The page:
Greg Maddux dominated opposing hitters over the course of his 23-year career.
Being inducted into the Hall of Fame in any sport is an unmatched honor. It's the crowning achievement acknowledging a lifetime of hard work. Perhaps in no other sport is enshrinement more meaningful than in professional baseball.
The selection process in baseball is much more stringent than in other sports, as candidates have to receive 75 percent of votes from members of the BBWAA. For that reason, it is nearly impossible to be enshrined on the first ballot in which someone is eligible.
This year’s first-time candidates include Frank Thomas, Mike Mussina, Hideo Nomo, Greg Maddux, Moises Alou, Jeff Kent, Tom Glavine, Kenny Rogers and Luis Gonzalez. Of those candidates, only two deserve to be voted into the Hall of Fame on the first ballot. Those two players are former Braves teammates Greg Maddux and Tom Glavine.
Maddux is perhaps the most deserving player of anyone in this Hall of Fame class. It's the first time that he's on the ballot, but that doesn't change the body of work that he put together over his lengthy major league career.
The 300-game winner played 23 seasons in the big leagues and recorded a 3.16 ERA in that time. For someone to record an ERA that low over the course of almost a quarter of a century is absurd. Possibly more impressive than his ERA is the fact that Maddux beat opposing hitters with his wit as often as he did with his arm.
Do both Greg Maddux and Tom Glavine deserve to be first-ballot Hall of Famers?
Notorious for setting up hitters weeks in advance, Maddux was truly one of the great baseball minds of his time. It is that baseball IQ that allowed him to last long after his devastating stuff started to fade. Not putting a lot of stress on his arm and finessing his way through games helped him to pitch over 5,000 innings for the Braves, Cubs, Dodgers and Padres.
Having a lot of experience pitching in October for the Braves in the 1990s, Maddux had some gaudy numbers in the postseason as well. Pitching for the Cubs in 1989, the Braves in 1993 and 1995-2003 and the Dodgers in 2006 and 2008 in the postseason, Maddux recorded 11 additional wins and had an ERA of 3.27.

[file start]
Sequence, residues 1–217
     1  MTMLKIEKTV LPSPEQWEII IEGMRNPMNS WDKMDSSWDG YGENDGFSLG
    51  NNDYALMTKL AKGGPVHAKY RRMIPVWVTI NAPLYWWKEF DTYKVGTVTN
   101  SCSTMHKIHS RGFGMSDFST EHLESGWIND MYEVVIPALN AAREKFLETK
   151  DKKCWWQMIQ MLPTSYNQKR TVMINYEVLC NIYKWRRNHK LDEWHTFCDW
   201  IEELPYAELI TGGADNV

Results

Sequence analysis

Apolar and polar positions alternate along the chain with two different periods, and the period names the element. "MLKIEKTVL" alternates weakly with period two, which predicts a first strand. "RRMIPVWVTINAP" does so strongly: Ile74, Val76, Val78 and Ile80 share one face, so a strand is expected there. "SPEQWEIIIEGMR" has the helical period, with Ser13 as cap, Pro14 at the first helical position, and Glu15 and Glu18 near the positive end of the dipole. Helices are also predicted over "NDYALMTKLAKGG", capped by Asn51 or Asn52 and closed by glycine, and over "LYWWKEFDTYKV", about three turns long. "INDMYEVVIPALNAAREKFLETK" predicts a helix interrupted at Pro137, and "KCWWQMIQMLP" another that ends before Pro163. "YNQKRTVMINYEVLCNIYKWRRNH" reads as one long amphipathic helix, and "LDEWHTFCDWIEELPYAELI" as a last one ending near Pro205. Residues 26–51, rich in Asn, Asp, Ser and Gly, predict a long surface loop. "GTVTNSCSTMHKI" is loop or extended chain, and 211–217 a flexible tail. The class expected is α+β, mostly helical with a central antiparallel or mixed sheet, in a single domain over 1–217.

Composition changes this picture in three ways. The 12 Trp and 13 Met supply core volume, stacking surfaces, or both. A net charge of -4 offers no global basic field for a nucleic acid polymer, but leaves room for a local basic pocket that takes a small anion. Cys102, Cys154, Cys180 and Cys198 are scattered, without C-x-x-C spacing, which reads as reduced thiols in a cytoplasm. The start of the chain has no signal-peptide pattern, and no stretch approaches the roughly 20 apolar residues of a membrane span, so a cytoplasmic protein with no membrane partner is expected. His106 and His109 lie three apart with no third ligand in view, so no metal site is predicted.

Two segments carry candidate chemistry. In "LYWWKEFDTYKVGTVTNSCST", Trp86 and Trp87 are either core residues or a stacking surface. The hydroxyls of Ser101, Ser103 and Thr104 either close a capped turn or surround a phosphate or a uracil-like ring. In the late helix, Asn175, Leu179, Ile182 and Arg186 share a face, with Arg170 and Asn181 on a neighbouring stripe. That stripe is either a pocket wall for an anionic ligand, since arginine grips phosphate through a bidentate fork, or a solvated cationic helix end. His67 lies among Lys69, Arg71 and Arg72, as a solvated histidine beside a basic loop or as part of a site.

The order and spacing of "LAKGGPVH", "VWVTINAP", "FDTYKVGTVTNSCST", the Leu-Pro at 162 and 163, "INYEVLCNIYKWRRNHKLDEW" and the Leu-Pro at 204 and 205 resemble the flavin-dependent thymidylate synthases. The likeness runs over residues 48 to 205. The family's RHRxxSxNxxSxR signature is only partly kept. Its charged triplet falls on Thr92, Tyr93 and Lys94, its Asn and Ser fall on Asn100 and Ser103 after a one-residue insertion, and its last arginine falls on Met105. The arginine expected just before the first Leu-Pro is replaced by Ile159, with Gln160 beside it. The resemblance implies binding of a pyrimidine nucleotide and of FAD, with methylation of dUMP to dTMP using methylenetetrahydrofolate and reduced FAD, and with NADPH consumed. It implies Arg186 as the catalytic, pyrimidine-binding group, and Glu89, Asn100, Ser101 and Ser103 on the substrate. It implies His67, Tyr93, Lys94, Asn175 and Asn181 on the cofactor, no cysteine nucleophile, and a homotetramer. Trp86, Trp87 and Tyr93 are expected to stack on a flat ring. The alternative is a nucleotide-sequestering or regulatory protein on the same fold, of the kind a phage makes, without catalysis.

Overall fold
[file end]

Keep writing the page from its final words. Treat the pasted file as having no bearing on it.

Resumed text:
Overall, Maddux was a dominant player over a sustained period of time, which is important when considering someone for the Hall of Fame. On top of winning 18 Gold Glove Awards, Maddux won 355 games, a number that is unlikely to be matched by modern-day pitchers. Both his numbers and his reputation speak for themselves.
Much like Maddux, former teammate and fellow pitcher Tom Glavine enjoyed sustained success over a long period of time in his playing career.
Finishing with 305 wins, Glavine may be one of the last 300-game winners for quite some time. With pitchers pitching less and less games and innings to preserve their arms, it may be a long time before baseball sees another 300-game winner—that alone is impressive enough.
On top of that, Glavine had a lifetime 3.54 ERA over 22 seasons that included two Cy Young awards. Pitching for the Braves and Mets, Glavine did have a low strikeout-to-walk ratio (2,607 strikeouts and 1,500 walks), but he often pitched his way out of trouble.
Playing in the playoffs almost annually, Glavine had a 3.30 ERA and 14 wins.
While his entire body of work wasn't quite up to par with that of Maddux, Glavine still has a strong enough resume to be deserving of enshrinement sooner rather than later. Whether that happens on the first ballot or not depends on how impressive the BBWAA consider Glavine's career.